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Brazil: Santander launches instant payments for companies from Europe to Brazil

On 30 March 2022, Santander announced a payment solution allowing customers from Europe to make transfers into Brazil in local currency in real time. This new service will shorten payment times from several days to minutes and removes the need for intermediaries and FX documentation.

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United Kingdom: Mastercard and Tenemos partner to enable UK banks to introduce Request to Pay services

On 29 March 2022, Tenemos announced a collaboration with Mastercard that will accelerate the take-up of its Request to Pay service among UK banks. Tenemos and Mastercard aim to accelerate market adoption, enabling complete end-to-end, real-time processing and secure and successful communication between buyers and payers.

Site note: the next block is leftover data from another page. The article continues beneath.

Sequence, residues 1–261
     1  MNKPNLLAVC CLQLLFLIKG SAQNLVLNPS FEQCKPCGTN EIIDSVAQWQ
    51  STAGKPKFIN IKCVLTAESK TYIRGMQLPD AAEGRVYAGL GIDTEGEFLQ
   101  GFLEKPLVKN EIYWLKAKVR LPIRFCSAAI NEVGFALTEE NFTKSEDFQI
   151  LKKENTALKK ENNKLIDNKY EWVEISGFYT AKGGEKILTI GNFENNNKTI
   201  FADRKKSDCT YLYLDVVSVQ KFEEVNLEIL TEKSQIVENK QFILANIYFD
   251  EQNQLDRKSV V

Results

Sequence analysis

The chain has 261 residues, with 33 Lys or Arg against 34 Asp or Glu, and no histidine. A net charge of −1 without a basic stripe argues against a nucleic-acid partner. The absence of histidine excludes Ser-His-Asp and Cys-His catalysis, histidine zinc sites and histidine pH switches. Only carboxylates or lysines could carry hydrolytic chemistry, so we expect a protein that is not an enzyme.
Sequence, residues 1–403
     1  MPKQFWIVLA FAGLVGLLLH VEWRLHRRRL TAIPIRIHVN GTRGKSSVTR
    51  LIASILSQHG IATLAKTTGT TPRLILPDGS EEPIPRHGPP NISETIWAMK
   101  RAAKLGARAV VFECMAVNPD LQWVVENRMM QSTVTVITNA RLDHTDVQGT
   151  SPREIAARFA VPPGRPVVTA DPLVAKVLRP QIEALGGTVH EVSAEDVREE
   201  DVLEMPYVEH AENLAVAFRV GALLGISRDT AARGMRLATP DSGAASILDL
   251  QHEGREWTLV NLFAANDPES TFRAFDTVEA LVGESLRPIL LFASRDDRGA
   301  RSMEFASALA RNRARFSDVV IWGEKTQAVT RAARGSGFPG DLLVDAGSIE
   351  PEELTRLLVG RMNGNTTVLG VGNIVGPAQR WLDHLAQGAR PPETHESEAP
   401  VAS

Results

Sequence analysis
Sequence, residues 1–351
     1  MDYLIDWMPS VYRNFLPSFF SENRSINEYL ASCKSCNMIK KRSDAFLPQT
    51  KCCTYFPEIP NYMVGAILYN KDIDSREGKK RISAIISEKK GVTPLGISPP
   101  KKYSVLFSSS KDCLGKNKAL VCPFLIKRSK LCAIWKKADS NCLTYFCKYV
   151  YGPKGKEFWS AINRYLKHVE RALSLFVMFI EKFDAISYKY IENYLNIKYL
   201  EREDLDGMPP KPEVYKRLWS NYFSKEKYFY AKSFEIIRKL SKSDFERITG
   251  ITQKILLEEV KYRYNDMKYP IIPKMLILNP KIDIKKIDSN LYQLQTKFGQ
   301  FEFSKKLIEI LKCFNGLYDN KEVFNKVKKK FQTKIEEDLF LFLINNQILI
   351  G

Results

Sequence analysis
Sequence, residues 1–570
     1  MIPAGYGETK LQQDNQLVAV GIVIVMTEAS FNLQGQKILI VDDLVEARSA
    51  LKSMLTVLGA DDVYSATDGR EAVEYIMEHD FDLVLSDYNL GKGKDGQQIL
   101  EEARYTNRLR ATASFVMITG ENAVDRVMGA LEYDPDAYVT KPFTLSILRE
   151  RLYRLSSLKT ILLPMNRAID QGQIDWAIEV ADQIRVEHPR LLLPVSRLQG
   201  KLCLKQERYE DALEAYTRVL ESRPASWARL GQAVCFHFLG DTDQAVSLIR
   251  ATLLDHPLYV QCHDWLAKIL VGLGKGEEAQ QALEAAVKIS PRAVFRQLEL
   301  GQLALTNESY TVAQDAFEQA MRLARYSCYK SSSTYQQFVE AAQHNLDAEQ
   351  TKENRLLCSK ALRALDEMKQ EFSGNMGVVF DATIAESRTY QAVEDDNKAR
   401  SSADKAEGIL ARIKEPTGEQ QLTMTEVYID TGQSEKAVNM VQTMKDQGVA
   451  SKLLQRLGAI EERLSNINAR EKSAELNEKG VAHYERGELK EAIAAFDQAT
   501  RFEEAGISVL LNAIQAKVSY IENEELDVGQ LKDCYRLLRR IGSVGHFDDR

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United States: Wells Fargo partners with Bilt Rewards and Mastercard to launch credit card   

On 28 March 2022, Wells Fargo announced a partnership with Bilt Rewards and Mastercard. Together they will launch the first-of-its-kind co-branded credit card that allows members to pay rent and earn points with no transaction fees on rent payments at any rental property in the U.S.

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United States: RobinHood announces new Cash Card that invests spare change

On 22 March 2022, RobinHood announced their new Cash Card which will allow users to automatically invest their spare change into stocks and cryptocurrency as they spend. The Cash Card builds on their mission to democratise finance by giving debit card customers the same benefits and rewards that were once reserved for credit card holders.

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Germany: eBay partners with Klarna

On 16 March 2022, eBay announced its partnership with Klarna, the buy now, pay later provider. Together they will offer millions of German customers more flexible payment options.